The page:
Friday evening marked the beginning of “A New Era” for the North Carolina Symphony as newly appointed Music Director Carlos Miguel Prieto led the ensemble in an engaging and contrasting concert. Appointed in July, Prieto’s enthusiasm for art and life was apparent from the podium, and the orchestra matched his energy throughout the performance. The program included Franz Joseph Haydn’s Trumpet Concerto in E-flat, Paquito D’Rivera‘s Concerto Venezolano, and Tchaikovsky’s Symphony No. 4 in F minor, Op. 36. Soloists Pacho Flores and Héctor Molina demonstrated technical and musical prowess, and the audience was on their feet by the end of the first piece.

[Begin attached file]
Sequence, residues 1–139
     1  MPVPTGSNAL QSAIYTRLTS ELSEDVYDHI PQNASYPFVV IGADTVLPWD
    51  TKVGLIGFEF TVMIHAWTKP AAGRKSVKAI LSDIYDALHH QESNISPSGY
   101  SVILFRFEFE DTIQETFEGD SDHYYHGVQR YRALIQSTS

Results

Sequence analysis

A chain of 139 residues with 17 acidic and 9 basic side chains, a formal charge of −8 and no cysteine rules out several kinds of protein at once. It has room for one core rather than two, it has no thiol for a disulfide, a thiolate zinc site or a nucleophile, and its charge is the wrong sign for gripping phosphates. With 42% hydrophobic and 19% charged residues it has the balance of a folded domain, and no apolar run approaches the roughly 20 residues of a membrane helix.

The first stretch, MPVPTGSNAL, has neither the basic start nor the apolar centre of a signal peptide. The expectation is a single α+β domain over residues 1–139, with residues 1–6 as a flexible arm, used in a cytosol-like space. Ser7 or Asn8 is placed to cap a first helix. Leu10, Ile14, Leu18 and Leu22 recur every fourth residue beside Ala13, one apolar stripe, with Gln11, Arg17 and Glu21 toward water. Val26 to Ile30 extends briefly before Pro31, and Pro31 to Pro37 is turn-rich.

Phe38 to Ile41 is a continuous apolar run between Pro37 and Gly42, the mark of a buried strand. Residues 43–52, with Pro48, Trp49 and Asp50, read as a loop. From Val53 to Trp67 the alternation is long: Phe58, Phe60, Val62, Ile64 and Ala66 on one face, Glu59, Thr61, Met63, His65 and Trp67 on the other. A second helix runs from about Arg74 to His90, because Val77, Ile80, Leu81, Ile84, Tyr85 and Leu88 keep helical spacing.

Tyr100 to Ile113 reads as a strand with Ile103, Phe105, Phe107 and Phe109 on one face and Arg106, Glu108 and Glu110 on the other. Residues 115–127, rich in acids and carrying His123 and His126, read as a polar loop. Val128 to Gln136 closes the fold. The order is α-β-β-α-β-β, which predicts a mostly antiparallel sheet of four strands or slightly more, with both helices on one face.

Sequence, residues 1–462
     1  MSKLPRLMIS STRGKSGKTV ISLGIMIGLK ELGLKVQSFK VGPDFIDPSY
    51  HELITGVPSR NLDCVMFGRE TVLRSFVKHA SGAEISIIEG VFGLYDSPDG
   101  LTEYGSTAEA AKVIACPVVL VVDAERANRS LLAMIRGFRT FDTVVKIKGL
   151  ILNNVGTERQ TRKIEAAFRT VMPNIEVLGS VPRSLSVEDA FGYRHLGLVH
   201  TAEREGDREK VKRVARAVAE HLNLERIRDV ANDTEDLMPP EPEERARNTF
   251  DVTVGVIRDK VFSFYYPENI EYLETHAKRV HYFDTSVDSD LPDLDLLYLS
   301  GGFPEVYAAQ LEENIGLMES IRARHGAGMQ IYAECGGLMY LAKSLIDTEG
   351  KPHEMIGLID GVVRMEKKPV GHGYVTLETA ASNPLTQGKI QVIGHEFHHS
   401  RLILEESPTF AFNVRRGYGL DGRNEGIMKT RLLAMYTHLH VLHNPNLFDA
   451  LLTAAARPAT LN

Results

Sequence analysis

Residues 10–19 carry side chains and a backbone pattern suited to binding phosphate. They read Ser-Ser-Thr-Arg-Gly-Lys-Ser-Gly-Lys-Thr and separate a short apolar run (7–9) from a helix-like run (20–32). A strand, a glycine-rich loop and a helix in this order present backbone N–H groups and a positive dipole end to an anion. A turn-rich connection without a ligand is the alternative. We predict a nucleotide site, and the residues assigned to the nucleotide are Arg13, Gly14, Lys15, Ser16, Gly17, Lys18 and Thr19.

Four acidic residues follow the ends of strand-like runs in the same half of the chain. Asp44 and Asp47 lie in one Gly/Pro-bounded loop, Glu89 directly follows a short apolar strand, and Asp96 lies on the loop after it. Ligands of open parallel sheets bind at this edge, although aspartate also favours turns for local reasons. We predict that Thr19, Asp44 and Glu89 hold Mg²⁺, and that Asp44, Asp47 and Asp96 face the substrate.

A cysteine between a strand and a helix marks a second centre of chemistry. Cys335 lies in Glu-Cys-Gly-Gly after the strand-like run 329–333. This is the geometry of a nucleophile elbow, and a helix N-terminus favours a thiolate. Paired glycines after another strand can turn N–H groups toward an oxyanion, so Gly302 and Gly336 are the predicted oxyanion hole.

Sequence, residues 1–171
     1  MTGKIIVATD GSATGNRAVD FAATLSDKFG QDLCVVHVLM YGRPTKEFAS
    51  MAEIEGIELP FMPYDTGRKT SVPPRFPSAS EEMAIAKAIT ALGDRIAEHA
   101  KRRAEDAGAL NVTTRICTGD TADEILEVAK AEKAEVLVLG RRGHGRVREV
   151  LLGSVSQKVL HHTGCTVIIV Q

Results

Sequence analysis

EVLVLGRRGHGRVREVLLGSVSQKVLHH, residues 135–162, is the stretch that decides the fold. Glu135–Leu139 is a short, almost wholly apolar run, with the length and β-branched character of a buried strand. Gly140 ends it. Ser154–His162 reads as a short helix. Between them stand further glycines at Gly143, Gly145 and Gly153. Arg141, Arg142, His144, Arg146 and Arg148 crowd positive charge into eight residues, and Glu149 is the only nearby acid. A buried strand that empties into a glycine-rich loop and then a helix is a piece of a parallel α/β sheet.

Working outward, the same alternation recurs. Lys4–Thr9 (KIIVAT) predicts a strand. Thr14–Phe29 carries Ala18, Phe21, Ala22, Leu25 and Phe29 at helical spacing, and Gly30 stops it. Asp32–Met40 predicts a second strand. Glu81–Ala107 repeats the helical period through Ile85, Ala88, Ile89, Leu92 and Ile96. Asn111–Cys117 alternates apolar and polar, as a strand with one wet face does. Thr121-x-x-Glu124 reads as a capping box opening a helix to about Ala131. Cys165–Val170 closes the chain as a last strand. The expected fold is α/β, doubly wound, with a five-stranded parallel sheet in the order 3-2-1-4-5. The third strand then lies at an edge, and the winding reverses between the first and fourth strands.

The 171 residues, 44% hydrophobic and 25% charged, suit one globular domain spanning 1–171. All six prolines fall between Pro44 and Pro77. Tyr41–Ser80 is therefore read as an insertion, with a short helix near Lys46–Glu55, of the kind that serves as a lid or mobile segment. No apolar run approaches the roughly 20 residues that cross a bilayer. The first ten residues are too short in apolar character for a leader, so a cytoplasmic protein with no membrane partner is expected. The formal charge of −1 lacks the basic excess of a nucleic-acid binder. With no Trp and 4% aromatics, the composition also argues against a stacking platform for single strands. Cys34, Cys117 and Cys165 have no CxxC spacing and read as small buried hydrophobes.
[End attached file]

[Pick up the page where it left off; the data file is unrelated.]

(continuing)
The first half of the program offered a contrast between genre and style as Flores skillfully executed the unique demands of the Classical and modern compositions. Haydn’s Trumpet Concerto, one of the composer’s more popular works, introduced a new style of composition for the instrument and features a large melodic range with chromatic intrigue. Flores made his NC Symphony debut with confidence and poise; each entrance was precise with immense control over dynamic and harmonic phrasing. The orchestra provided aware accompaniment, filling out the sound during tutti passages and balancing sensitively during solos. Flores’s articulation and tone remained pure throughout the piece, which allowed for resonance without overpowering the ensemble – the dynamic manipulation in the second movement was especially impressive. Following Haydn, Flores was joined by cuatro player Héctor Molina for D’Rivera’s Concerto Venezolano, a piece written for Flores, originally premiered by Maestro Prieto in 2019, and nominated for Best New Classical Work at the Latin Grammys. This single-movement work features four different trumpets and the cuatro, a guitar-like Venezuelan instrument that provides both harmonic and rhythmic functions. The piece begins cinematically with high violins, interjecting percussion, and stately low brass. After establishing the character, the trumpet solo enters and expands upon the opening material. While Haydn wrote an orchestra part to accompany the soloist, D’Rivera wrote one to match; the ensemble writing was just as involved as the soloists’. Everyone on stage was a part of a whole, made evident through call and response exchanges of melodic material. The second theme was marked by a duet between concertmaster and cuatro, and I couldn’t help but think of Ástor Piazzolla’s Histoire du Tango. Once established, the groove permeated the orchestra and the soloists were able to play skillfully alongside. Flores got a laugh out of the audience during his cadenza, skillfully playing runs until he reached the absolute lowest note on the instrument and milked the comedic effect of not having anywhere else to go. Snare and maracas joined the soloists up front and led the ensemble through an ostinato to the end, where the energy was infectious and resulted in a standing ovation.